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Ineffective assistance of counsel as it pertains to your trial attorney’s advice on parole eligibility is a very important topic in the field of post-conviction relief.

So today, so I’m writing about it and how this ground may be able to help your case.

As you may know, there are different parole eligibility options for different cases. You may have a situation where standard parole eligibility is going to be when your good time plus your actual time equals 1/4 of your sentence. In practical terms that means you could be released when you serve 1/8 of your sentence.

This means that whenever you’re looking at an aggravated case it would be something that requires halftime parole eligibility. Murder, sexual assault, or multiple other aggravated cases apply here.

If your attorney said that if you plead guilty you’re going to be parole eligible at 1/8 of your sentence or 1/4 of your sentence, then you get to prison, and turns out you have to serve half of your time, that would qualify as ineffective assistance of counsel.

However, you have to remember that when you make an 11.07 application you have asserted that ground in your application. You have to tell the court that the results of your pleading guilty would have been different.

If you just would have pled guilty anyway because the evidence was overwhelming or you stood no chance, then the court is likely going to find that the ground you asserted really didn’t make a difference.

You have to say effectively in your affidavit that you would have gone to trial but for the ineffective assistance of counsel on the bad parole advice. You would have to say had you known the parole was really halftime you would have taken it to trial.

Related Link:

Texs Board of Pardons and Parole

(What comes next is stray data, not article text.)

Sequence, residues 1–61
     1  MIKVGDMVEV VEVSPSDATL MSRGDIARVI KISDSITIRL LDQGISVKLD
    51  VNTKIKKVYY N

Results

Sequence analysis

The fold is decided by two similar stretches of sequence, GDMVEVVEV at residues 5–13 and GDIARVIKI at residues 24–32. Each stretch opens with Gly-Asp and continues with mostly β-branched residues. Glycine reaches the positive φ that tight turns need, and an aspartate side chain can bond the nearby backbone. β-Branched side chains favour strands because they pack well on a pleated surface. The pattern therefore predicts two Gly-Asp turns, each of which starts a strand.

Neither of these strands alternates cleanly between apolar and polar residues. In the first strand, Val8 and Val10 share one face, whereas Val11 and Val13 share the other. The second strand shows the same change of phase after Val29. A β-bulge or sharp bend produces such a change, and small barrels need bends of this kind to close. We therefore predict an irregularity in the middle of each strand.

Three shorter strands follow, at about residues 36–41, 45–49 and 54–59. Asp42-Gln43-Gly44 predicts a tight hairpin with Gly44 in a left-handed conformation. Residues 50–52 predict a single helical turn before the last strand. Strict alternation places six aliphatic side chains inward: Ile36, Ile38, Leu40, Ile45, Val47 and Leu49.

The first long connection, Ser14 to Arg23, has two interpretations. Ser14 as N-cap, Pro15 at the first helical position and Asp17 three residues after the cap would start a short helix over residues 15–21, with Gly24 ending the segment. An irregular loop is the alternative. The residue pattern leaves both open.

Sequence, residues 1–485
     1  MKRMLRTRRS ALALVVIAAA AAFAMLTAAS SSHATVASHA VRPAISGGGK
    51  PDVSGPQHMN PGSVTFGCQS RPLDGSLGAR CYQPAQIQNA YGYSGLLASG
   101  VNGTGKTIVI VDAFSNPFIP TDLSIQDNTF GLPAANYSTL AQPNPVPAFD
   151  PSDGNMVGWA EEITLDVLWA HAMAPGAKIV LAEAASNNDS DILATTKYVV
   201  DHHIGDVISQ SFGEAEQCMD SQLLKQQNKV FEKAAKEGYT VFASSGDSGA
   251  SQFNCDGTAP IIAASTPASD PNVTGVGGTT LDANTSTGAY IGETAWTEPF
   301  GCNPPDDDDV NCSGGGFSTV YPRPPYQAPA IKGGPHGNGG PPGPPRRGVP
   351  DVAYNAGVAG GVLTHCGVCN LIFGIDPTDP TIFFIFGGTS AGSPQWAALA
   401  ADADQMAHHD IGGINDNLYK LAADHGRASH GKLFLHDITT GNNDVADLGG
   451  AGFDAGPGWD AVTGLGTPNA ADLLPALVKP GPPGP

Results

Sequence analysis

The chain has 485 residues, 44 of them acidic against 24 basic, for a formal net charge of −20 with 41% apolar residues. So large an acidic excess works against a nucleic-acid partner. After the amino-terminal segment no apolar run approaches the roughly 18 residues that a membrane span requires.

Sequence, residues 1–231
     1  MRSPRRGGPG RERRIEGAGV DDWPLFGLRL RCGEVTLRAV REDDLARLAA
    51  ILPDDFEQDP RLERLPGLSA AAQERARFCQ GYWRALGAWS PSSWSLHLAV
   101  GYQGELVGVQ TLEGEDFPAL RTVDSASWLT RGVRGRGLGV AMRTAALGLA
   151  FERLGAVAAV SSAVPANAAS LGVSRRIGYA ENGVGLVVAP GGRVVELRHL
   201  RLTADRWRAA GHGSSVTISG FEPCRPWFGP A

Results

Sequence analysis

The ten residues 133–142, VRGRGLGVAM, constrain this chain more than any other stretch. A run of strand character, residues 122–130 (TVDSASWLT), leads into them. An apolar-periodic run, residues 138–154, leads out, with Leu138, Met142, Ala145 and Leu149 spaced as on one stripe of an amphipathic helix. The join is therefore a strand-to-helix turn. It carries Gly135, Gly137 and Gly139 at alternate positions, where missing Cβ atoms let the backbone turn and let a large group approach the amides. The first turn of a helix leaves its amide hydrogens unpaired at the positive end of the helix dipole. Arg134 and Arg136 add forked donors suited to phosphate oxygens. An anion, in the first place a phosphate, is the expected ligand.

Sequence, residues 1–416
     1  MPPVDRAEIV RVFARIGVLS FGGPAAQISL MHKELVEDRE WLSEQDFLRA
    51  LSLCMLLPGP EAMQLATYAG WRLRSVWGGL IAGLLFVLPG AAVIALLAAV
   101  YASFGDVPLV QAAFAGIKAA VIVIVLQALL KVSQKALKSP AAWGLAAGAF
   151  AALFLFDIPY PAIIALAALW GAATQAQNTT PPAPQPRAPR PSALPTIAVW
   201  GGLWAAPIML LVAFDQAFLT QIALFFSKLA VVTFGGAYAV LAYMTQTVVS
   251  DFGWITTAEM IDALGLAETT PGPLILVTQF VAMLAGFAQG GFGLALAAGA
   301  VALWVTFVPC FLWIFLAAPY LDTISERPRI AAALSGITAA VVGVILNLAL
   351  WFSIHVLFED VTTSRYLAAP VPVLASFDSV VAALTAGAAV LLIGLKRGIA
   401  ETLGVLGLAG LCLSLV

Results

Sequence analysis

There’s a number of other situations that can qualify for this besides the aggravated offenses or some flat time cases: continuous sexual abuse of a child, drug-free zone cases, and posts flat times. There are a number of things that impose flat times or raise the minimums on cases and the parole eligibility can be confusing in that area.

Many times where we see ineffective assistance of counsel is bad advice on drug-free zone cases.

If you have a drug-free zone case, went to prison and you realized the prison told you your release date was something far later than your attorney told you then you probably received ineffective assistance of counsel from that bad parole advice.

It can happen in reverse as well. Suppose your attorney advised you that what you were being charged with was an aggravated offense where you were going to have to serve half of the time before you got parole.

Then because he gave you that advice you decided to take the case to trial instead of entering the plea bargain that was offered to you. The plea bargain would have actually given you a 1/8 time credit but you took the bad advice, went there for the trial and you got much more time than you would’ve gotten if you would have taken the plea bargain. Just keep that in mind as you move forward on your case.

Related Link:

Texas Board of Pardons and Parole

About The Attorney

Jacob Blizzard Criminal Defense Attorney

Jacob Blizzard is board certified in both criminal law and criminal appellate law.

He regularly practices in the areas of state and federal criminal defense, criminal appeals, post conviction writs of habeas corpus.

In Texas, there are more than 100,000 attorneys licensed to practice, but only 7,450 are board certified.

In the entire State of Texas, as of the 2019 certification year, there were only 87 attorneys board certified in both criminal law and criminal appellate law, making Mr. Blizzard one of 0.087% of attorneys in Texas to hold both of those certifications.